Lead
We are looking for an alternative to the important natural antibiotic colistin. With this in mind we are systematically exploring related structures by chemically synthesising those that do not occur naturally.

Lay summary

When nothing else works, maybe colistin will. Nowadays this antimicrobial peptide of natural origin is used as the last resort against many multiresistant germs. Yet it can have considerable side effects, and there are now bacteria that are resistant to it. Other peptides offer particular promise in the search for alternatives to this important substance. We have already discovered some that are active against multiresistant bacteria by systematically investigating peptides related to colistin that do not occur naturally. They have never been studied before because they are not natural substances. We are now optimising these artificial peptides, investigating their mechanism of action and assessing which might be useful for medical purposes.

Background
We are using the chemical space approach. This term refers to the total number of existing molecules that can be used as medicines. Nowadays the chemical space can be explored efficiently using bioinformatic methods and automated chemical synthesis, and this is being done in many laboratories. We have expanded this approach to include new molecules that are not found in nature and which have therefore not been studied previously.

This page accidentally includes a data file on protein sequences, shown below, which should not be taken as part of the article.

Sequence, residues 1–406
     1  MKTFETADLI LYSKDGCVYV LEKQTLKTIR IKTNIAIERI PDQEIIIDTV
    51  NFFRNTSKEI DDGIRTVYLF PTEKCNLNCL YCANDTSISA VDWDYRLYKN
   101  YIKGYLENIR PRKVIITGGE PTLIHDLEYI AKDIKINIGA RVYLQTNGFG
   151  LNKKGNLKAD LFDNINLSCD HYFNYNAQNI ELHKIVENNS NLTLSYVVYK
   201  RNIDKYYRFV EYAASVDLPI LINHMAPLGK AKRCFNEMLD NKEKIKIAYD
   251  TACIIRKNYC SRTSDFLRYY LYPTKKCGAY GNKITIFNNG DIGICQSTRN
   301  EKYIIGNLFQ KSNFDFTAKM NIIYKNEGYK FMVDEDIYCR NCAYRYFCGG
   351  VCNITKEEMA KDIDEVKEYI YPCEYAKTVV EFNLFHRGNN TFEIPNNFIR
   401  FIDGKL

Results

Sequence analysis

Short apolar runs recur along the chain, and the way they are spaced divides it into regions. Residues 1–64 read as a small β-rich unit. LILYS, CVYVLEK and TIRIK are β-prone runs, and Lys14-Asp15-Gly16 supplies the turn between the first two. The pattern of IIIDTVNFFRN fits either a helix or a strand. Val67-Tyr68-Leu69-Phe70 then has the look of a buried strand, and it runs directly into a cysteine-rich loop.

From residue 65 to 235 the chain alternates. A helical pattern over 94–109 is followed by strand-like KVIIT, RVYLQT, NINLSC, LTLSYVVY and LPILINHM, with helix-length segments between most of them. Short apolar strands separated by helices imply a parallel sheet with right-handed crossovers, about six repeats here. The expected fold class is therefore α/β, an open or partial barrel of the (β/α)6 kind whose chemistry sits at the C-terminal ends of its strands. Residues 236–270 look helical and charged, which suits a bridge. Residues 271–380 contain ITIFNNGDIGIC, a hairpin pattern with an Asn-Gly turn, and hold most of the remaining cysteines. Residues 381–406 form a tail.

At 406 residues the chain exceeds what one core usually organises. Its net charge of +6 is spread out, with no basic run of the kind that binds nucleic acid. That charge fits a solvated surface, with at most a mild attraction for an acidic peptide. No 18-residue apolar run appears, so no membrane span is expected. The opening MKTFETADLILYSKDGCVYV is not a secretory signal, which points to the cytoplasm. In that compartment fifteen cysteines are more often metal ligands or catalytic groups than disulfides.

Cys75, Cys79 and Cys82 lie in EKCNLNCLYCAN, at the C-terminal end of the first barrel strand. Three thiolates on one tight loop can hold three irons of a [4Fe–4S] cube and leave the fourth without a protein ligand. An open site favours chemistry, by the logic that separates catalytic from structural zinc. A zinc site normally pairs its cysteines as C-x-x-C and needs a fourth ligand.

Aim
Our goal is to identify previously unknown peptides whose antibiotic action and favourable pharmacological profile may potentially make them suitable for use in human medicine. The intention is to put these peptides into clinical development.

Relevance
New antibiotics are important for public health. One particular advantage of our peptides is that they are easy to synthesise and can therefore be optimised. They are also easy to patent because they are chemically unique, which makes them a very interesting proposition for clinical development.